Although a lot has been made of Emily Wellsâ€™ classical violin training, it would be unfair to say too much about it. This is because, as her new album Mama shows, sheâ€™s a songwriter of uncommon maturity, and the transition from classical to independent songstress is really the development of a very talented musician, period.
Well is unhurried from the beginning on â€śPiece of It,â€ť allowing her songs to unfold, and even to come and go at will. Like the subsequent tracks, the opener is personal and mysterious, prone to self-lamentations, yearning desires, and weary barbs. The album intersects equally between hip-hop, soul (Wells has been compared to â€śa streetwise, feralâ€ť Nina Simone, as if Simone herself wasnâ€™t streetwise and feral â€“ maybe urban would be a more apt word), and mellower indie songwriting. On the latter front, an obvious reference point would be Andrew Bird, a fellow violinist and live loopmaster. But it works on more than one level â€“ Wells shares Birdâ€™s interest in sculpting an atmosphere thatâ€™s just as important as literally playing the song. And this what makes her unique and very interesting on this album.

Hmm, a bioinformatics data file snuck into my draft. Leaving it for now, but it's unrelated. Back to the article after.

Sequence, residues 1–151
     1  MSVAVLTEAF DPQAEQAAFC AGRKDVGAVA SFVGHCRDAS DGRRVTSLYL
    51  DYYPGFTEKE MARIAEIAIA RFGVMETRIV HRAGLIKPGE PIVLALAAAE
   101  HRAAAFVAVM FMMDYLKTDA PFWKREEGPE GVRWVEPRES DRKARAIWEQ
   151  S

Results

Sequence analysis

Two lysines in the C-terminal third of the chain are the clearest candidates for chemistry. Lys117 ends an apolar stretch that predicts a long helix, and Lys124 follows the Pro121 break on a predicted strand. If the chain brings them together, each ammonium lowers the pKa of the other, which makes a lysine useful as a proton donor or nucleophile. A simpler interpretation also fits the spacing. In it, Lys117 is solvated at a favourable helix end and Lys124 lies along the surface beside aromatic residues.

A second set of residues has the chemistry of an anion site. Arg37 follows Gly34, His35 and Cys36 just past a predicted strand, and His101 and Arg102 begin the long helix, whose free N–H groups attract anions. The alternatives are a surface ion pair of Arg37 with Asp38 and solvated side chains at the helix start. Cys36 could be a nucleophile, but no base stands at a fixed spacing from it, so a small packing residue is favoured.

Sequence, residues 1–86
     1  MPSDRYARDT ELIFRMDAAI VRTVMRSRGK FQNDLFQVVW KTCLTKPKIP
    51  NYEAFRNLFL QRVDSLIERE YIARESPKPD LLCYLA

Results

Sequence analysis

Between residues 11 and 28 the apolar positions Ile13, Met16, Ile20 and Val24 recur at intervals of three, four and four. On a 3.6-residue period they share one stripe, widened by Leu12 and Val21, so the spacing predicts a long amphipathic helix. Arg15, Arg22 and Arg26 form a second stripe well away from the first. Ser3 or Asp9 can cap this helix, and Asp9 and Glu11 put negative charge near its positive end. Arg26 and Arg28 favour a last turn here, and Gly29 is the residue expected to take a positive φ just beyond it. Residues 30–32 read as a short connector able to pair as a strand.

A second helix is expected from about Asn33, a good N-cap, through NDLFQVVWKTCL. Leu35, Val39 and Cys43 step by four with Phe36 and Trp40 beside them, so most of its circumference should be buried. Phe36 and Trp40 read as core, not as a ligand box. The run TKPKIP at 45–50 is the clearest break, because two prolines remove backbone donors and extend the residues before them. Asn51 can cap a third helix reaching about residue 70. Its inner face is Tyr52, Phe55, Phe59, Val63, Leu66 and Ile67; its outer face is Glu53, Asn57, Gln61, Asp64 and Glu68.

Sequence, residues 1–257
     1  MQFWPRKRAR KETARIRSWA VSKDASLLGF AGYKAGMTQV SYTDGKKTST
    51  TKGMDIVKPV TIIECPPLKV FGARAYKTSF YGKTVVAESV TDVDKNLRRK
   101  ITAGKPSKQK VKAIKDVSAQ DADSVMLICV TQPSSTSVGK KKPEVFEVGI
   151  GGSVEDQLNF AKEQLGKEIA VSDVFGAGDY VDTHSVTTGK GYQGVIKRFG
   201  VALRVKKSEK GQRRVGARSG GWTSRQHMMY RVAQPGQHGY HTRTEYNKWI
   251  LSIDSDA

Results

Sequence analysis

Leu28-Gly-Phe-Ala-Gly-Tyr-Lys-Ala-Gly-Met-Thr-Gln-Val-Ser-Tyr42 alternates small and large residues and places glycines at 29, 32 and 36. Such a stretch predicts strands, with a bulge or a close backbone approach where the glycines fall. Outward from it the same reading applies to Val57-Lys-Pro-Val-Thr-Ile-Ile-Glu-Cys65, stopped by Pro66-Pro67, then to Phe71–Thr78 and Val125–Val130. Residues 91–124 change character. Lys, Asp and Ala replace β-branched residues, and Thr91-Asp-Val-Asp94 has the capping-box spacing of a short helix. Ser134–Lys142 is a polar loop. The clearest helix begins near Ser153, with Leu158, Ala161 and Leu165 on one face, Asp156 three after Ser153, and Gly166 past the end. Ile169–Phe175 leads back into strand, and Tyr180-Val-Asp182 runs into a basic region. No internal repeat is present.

In fact Wellsâ€™ songs and vocals especially come across sometimes as very abstract, as if she has distilled the essence of her songwriting into something beyond chord or melody. But the beauty is still there, as the gorgeous â€śPassenger.â€ť Wellsâ€™ vocals are impressionistic and often double-tracked, woven into her sound tapestries. But the haunting soul-waif quality of her voice shines on the arresting â€śLet Your Guard Down,â€ť yet another display of versatility and self-knowledge as a musician. Not sure if this will get the attention it deserves, but Wells is a force on this release.